Now that you have got an understanding of the basic concepts behind linked list and their types, its time to dive into the common operations that can be performed.

Two important points to remember:

`head`points to the first node of the linked list`next`pointer of last node is`NULL`, so if next of current node is`NULL`, we have reached end of linked list.

In all of the examples, we will assume that the linked list has three nodes `1 --->2 --->3`

with node structure as below:

```
struct node
{
int data;
struct node *next;
};
```

Displaying the contents of a linked list is very simple. We keep moving the temp node to the next one and display its contents.

When temp is `NULL`, we know that we have reached the end of linked list so we get out of the while loop.

```
struct node *temp = head;
printf("\n\nList elements are - \n");
while(temp != NULL)
{
printf("%d --->",temp->data);
temp = temp->next;
}
```

The output of this program will be:

List elements are - 1 --->2 --->3 --->

You can add elements to either beginning, middle or end of linked list.

- Allocate memory for new node
- Store data
- Change next of new node to point to head
- Change head to point to recently created node

```
struct node *newNode;
newNode = malloc(sizeof(struct node));
newNode->data = 4;
newNode->next = head;
head = newNode;
```

- Allocate memory for new node
- Store data
- Traverse to last node
- Change next of last node to recently created node

```
struct node *newNode;
newNode = malloc(sizeof(struct node));
newNode->data = 4;
newNode->next = NULL;
struct node *temp = head;
while(temp->next != NULL){
temp = temp->next;
}
temp->next = newNode;
```

- Allocate memory and store data for new node
- Traverse to node just before the required position of new node
- Change next pointers to include new node in between

```
struct node *newNode;
newNode = malloc(sizeof(struct node));
newNode->data = 4;
struct node *temp = head;
for(int i=2; i < position; i++)
``` {
if(temp->next != NULL) {
temp = temp->next;
}
}
newNode->next = temp->next;
temp->next = newNode;

You can delete either from beginning, end or from a particular position.

- Point head to the second node

`head = head->next;`

- Traverse to second last element
- Change its next pointer to null

```
struct node* temp = head;
while(temp->next->next!=NULL){
temp = temp->next;
}
temp->next = NULL;
```

- Traverse to element before the element to be deleted
- Change next pointers to exclude the node from the chain

`for(int i=2; i< position; i++`) {
if(temp->next!=NULL) {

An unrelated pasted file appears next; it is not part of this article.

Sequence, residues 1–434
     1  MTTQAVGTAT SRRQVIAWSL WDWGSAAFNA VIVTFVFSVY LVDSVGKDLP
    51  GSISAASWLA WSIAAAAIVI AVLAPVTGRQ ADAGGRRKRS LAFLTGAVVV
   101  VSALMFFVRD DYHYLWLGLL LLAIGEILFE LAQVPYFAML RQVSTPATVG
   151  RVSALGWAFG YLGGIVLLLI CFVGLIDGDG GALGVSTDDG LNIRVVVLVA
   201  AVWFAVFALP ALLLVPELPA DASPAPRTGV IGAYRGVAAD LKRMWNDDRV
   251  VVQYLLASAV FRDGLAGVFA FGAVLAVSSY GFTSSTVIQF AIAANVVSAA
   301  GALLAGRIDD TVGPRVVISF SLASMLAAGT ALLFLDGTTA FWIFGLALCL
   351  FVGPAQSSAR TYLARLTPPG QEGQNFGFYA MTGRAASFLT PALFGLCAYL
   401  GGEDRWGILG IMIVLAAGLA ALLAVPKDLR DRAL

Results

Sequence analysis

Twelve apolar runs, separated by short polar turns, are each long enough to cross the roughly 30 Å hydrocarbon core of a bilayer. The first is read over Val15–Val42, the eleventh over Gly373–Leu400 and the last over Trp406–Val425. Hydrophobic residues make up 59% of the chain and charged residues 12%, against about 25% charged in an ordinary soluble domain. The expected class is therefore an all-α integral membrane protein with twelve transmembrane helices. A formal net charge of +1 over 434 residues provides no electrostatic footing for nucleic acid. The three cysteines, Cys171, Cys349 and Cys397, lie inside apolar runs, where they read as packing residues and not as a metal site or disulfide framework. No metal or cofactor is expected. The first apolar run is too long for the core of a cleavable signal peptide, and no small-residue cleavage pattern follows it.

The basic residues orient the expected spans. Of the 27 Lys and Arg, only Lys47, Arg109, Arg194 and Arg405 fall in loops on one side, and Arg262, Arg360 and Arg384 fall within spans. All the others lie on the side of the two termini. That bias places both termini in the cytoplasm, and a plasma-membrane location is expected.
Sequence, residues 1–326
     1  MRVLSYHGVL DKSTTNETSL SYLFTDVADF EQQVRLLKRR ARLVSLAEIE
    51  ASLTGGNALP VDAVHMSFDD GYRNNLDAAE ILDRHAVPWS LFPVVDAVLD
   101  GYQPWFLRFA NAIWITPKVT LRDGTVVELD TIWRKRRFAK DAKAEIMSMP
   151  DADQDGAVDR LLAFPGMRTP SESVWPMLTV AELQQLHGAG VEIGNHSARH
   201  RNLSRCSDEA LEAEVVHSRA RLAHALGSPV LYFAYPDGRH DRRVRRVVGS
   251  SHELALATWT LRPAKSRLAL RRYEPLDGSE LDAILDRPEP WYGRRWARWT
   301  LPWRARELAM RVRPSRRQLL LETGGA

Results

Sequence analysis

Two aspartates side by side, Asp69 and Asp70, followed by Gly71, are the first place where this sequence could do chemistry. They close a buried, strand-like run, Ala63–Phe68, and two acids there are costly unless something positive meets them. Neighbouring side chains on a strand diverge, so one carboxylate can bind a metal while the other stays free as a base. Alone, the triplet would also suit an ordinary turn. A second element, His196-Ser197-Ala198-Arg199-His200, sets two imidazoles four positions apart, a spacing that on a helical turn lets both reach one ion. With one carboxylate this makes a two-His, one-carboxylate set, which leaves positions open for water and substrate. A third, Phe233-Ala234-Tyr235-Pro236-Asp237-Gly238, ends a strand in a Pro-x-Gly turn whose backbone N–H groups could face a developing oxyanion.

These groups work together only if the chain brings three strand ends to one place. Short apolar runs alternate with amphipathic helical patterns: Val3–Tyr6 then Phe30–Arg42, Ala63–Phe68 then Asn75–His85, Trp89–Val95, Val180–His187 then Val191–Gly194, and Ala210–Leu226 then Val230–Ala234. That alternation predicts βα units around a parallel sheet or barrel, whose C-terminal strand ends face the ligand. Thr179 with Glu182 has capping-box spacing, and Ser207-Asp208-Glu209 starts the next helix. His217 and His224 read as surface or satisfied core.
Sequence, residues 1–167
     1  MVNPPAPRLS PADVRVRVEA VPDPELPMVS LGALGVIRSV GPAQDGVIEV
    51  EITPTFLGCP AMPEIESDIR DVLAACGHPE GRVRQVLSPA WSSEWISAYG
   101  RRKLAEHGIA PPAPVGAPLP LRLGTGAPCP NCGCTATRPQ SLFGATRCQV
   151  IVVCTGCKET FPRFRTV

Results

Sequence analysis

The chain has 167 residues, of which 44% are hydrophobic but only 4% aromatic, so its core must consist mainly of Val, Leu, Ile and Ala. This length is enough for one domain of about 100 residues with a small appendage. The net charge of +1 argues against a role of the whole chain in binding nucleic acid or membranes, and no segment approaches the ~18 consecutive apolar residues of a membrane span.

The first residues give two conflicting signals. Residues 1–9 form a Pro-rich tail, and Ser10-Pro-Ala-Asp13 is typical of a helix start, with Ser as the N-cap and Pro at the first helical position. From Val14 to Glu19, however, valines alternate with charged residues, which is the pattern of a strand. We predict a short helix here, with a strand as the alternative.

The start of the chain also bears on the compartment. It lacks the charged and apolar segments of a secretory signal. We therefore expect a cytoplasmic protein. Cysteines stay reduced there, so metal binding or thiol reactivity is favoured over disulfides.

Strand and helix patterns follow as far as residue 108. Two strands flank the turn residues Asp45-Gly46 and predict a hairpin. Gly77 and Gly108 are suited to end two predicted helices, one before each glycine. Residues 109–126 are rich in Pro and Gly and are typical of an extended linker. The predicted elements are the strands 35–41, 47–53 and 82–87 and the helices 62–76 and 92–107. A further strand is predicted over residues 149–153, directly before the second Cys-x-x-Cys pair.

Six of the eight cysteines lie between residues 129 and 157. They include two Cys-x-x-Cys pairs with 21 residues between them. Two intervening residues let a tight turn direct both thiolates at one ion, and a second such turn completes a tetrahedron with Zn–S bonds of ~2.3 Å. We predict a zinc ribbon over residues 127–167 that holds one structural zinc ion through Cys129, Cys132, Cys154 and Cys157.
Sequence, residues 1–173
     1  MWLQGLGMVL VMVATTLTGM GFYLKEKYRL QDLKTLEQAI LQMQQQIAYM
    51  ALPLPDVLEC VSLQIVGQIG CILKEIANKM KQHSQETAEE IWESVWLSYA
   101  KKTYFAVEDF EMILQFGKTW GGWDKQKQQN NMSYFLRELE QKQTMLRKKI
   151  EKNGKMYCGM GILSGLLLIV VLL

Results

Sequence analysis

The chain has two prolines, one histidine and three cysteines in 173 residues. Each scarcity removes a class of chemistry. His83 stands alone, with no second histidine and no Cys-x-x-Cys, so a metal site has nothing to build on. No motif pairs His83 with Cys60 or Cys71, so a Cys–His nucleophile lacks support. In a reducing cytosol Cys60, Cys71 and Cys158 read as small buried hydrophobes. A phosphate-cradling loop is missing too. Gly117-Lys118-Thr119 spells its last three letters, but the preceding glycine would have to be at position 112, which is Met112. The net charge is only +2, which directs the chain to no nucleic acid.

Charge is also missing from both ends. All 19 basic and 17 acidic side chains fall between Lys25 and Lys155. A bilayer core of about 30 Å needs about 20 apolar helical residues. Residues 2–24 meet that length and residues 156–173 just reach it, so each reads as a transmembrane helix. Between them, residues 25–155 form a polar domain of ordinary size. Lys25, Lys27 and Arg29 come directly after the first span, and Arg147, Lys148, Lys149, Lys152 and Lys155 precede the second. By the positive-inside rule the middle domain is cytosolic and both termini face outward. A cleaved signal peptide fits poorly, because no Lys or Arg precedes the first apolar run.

temp = temp->next;
}
}
temp->next = temp->next->next;

Here is the complete program for all the linked list operations we learnt till now. Lots of edge cases have been left out to make the program short.

We suggest you to just have a look at the program and try to implement it yourself.

Also, notice how we pass address of head as `struct node **headRef`

in the functions `insertAtFront`

and `deleteFromFront`

. These two functions change the position of head pointer so we need to pass the address of head pointer and change its value within the function.

```
#include<stdio.h>
#include<stdlib.h>
struct node
{
int data;
struct node *next;
};
void display(struct node* head)
{
struct node *temp = head;
printf("\n\nList elements are - \n");
while(temp != NULL)
{
printf("%d --->",temp->data);
temp = temp->next;
}
}
void insertAtMiddle(struct node *head, int position, int value) {
struct node *temp = head;
struct node *newNode;
newNode = malloc(sizeof(struct node));
newNode->data = value;
int i;
for(i=2; i
```next != NULL) {
temp = temp->next;
}
}
newNode->next = temp->next;
temp->next = newNode;
}
void insertAtFront(struct node** headRef, int value) {
struct node* head = *headRef;
struct node *newNode;
newNode = malloc(sizeof(struct node));
newNode->data = value;
newNode->next = head;
head = newNode;
*headRef = head;
}
void insertAtEnd(struct node* head, int value){
struct node *newNode;
newNode = malloc(sizeof(struct node));
newNode->data = value;
newNode->next = NULL;
struct node *temp = head;
while(temp->next != NULL){
temp = temp->next;
}
temp->next = newNode;
}
void deleteFromFront(struct node** headRef){
struct node* head = *headRef;
head = head->next;
*headRef = head;
}
void deleteFromEnd(struct node* head){
struct node* temp = head;
while(temp->next->next!=NULL){
temp = temp->next;
}
temp->next = NULL;
}
void deleteFromMiddle(struct node* head, int position){
struct node* temp = head;
int i;
for(i=2; inext != NULL) {
temp = temp->next;
}
}
temp->next = temp->next->next;
}
int main() {
/* Initialize nodes */
struct node *head;
struct node *one = NULL;
struct node *two = NULL;
struct node *three = NULL;
/* Allocate memory */
one = malloc(sizeof(struct node));
two = malloc(sizeof(struct node));
three = malloc(sizeof(struct node));
/* Assign data values */
one->data = 1;
two->data = 2;
three->data = 3;
/* Connect nodes */
one->next = two;
two->next = three;
three->next = NULL;
/* Save address of first node in head */
head = one;
display(head); // 1 --->2 --->3 --->
insertAtFront(&head, 4);
display(head); // 4 --->1 --->2 --->3 --->
deleteFromFront(&head);
display(head); // 1 --->2 --->3 --->
insertAtEnd(head, 5);
display(head); // 1 --->2 --->3 --->5 --->
deleteFromEnd(head);
display(head); // 1 --->2 --->3 --->
int position = 3;
insertAtMiddle(head, position, 10);
display(head); // 1 --->2 --->10 --->3 --->
deleteFromMiddle(head, position);
display(head); // 1 --->2 --->3 --->
}

The output of the above program is

List elements are - 1 --->2 --->3 ---> List elements are - 4 --->1 --->2 --->3 ---> List elements are - 1 --->2 --->3 ---> List elements are - 1 --->2 --->3 --->5 ---> List elements are - 1 --->2 --->3 ---> List elements are - 1 --->2 --->10 --->3 ---> List elements are - 1 --->2 --->3 --->